In 1876, Nicholas became a delegate of the Wyandotte nation and travelled to Washington, D.C., on tribal business in the company of John Sarahass and Matthew Mudeater.  There he was photographed by William H. Jackson, staff photographer for the United States Geological Survey of the Territories.  His photographs is now at the Smithsonian Institution.(21)

In 1879, Nicholas became a translator and navigator for Friends missionary, Jeremiah Hubbard in Indian Territory.  Nicholas became a Christian, and the two travelled together for several years.  Nicholas translated when necessary and also led the singing in the Wyandotte language – the song “Come Thou Fount of Every Blessing” is specifically mentioned.   The two stayed overnight at many homes including at Mathias Splitlog’s home and Irvin P. Long’s home, and  Jeremiah Hubbard recorded that the old men liked to stay up all night and talk.(22)

On November 12, 1879, probably at the urging of Jeremiah Hubbard, Nicholas married Elizabeth Arms.(23)  She was 25 years younger than Nicholas.  They had long before formed a blended family.  Jeremiah Hubbard always wanted to re-marry couples who had been “married in the Indian way.”  On the 1885 roll, Nicholas is listed as the father (age 65), Elizabeth as the mother (age 40), Jefferson as a son (age 24), Joseph (aka Joel Anthony) as a son (age 17), and Huldah Bonwill Cotter as a daughter (age 10).(24)  [Huldah Bonwill Cotter was named for Quaker missionary, Huldah Bonwill, from Massachusetts, who served at the Indian school in Wyandotte.(25)  Jefferson and Huldah attended the Seneca Indian School; Jefferson also went to Haskell Institute; Joel and Huldah went to the Haskell Institute in 1889.(26)  In 1885, Nicholas’ first daughter, Caroline E., was already married to John Spicer; she died in 1893.](27)

Nicholas served as Chief of the Wyandotte Nation in Oklahoma from 1880 to 1882.(28)  On September 16, 1885, Nicholas’ son, Joel Anthony Cotter, was enrolled at Carlisle Indian School in Carlisle, Pennsylvania, and attended for three years.(29)

Nicholas Cotter’s legacy is one of a full, adventurous life.  He started out strong – as a warrior of his nation.  He moved with the times and travelled from Canada to Oklahoma and coast to coast – to California and Washington, D.C. — by river and trail.  He fought for what he believed in, sought adventure and served others as a father, ferryman, warrior and soldier, scout, missionary translator and singer, and chief of his tribe.  He had three wives and four children.  His children received an education and grew up to be good citizens.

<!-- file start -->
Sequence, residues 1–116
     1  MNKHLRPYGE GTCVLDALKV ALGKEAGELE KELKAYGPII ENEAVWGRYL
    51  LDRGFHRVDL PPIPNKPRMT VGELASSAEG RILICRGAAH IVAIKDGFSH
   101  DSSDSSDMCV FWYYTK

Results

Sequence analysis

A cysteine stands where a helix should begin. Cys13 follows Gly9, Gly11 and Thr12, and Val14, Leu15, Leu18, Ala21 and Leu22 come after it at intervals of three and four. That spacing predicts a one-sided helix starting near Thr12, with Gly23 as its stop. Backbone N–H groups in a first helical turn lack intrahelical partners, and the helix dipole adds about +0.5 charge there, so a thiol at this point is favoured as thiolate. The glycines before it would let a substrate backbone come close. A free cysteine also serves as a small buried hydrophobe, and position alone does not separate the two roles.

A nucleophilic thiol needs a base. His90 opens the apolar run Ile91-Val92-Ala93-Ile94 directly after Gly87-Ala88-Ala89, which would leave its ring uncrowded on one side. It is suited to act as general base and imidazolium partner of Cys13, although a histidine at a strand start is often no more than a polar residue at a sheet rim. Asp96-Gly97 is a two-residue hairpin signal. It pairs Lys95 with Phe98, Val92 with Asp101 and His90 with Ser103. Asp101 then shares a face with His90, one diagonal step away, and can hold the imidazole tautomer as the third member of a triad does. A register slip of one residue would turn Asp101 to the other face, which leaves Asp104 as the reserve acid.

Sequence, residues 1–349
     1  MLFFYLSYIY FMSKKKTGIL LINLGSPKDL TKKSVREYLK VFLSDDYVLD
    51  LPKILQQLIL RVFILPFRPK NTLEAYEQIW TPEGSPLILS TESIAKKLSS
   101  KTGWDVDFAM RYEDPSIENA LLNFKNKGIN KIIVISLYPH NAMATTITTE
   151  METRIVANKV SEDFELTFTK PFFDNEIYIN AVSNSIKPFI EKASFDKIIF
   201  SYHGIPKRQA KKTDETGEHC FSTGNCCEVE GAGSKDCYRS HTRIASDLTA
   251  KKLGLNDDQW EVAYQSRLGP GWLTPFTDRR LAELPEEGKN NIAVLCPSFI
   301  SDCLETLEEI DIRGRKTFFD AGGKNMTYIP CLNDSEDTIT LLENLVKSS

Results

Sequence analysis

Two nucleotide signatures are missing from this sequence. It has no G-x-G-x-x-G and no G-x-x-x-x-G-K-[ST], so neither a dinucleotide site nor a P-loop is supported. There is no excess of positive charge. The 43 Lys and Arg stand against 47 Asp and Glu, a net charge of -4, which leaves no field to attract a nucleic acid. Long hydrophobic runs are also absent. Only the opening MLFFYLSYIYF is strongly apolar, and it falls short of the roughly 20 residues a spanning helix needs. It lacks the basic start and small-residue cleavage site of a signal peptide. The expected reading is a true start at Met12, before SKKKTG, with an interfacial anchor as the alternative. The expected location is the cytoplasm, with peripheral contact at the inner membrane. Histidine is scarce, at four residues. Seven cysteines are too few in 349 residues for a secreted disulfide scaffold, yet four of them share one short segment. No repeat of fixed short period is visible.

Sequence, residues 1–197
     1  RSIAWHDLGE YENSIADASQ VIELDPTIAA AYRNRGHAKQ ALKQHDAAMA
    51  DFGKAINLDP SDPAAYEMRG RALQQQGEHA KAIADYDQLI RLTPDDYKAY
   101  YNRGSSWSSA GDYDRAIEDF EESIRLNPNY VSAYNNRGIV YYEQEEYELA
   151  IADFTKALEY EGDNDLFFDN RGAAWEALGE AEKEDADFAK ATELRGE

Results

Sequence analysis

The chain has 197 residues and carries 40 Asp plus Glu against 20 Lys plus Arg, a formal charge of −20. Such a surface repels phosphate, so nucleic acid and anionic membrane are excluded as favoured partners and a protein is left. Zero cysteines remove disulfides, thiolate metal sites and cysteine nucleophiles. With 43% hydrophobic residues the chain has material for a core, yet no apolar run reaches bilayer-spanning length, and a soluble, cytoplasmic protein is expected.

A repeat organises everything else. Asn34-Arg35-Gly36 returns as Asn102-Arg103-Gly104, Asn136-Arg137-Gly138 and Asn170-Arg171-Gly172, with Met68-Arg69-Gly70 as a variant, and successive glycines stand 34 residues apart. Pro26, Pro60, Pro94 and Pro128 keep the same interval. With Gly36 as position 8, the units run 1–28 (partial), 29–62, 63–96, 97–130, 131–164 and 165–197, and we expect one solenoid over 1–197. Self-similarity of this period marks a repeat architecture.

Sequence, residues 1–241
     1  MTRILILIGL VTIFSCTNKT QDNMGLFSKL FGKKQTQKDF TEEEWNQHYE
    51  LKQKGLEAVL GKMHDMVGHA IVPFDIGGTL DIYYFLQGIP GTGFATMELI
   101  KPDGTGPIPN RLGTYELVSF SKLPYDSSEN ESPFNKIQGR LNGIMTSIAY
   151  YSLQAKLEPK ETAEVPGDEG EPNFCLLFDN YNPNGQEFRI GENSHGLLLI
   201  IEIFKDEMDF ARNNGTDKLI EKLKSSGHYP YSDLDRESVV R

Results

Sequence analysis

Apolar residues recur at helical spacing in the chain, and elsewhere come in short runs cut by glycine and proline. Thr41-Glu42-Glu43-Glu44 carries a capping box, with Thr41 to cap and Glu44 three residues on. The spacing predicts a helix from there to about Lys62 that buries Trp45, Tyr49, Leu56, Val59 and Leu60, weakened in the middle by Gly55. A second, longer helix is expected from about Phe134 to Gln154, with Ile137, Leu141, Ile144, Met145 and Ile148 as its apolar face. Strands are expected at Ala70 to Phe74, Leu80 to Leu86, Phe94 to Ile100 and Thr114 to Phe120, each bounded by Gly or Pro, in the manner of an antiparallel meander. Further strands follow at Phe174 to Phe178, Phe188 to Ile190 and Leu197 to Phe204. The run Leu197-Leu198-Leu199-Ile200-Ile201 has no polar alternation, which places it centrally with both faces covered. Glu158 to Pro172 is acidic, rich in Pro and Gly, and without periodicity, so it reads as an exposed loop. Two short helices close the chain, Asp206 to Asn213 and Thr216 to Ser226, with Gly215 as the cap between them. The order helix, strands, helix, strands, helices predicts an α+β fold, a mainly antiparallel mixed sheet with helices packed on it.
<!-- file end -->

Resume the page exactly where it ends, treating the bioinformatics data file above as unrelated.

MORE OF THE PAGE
His grandson, Leonard Nicholas Cotter, served as Chief of the Wyandotte Tribe of Oklahoma for 38 years and named his own son Leonard Nicholas Cotter, Jr., whom they called “Nick.”(30)

Nicholas Cotter’s photograph, taken in 1876, shows his strong features, powerful hands and gentle eyes – the mark of his character.

Nicholas died October 10, 1887(31) at the age of 65, and reportedly was buried in the Bland Cemetery.(32)  The Quaker “Friends’ Review” said he passed away quite suddenly.(33)  His marker is now gone and his exact resting place is not known to us.  But his story and spirit is alive in the hearts of his family and nation.

 

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References:

  1. Research by Grace Warrow Manning, Yvonne Gibbs and Lil Splitlog at St. John the Baptiste Church, Amhurstburg, Ontario, Canada, and Assumption Church in Windsor, Ontario – given to Sallie Cotter Andrews in the 1990s.
1836 Plan of Huron Reserve – Western District – by Peter Carroll, Survey; April 5, 1836.  (Crown Lands-Toronto – Anderdon-B7) GTM.1928
Coles les Canadiana Collection – Indian Treaties and Surrenders from 1680-1902 in three volumes – research by Lil Splitlog.  Given to Sallie Cotter Andrews in the 1990s by C. A. Buser.
“Muster Roll of the Wyandott Indians Who Departed Upper Sandusky, Ohio,” in the book “Daughter of Grey Eyes – The Story of Mother Solomon” by Thelma Marsh, Page 59.  Published 1984.
The Friends’ Review, 1894.  Document found online.
File document stating that “Caroline herself told Lucie Winnie that she was a snipe.”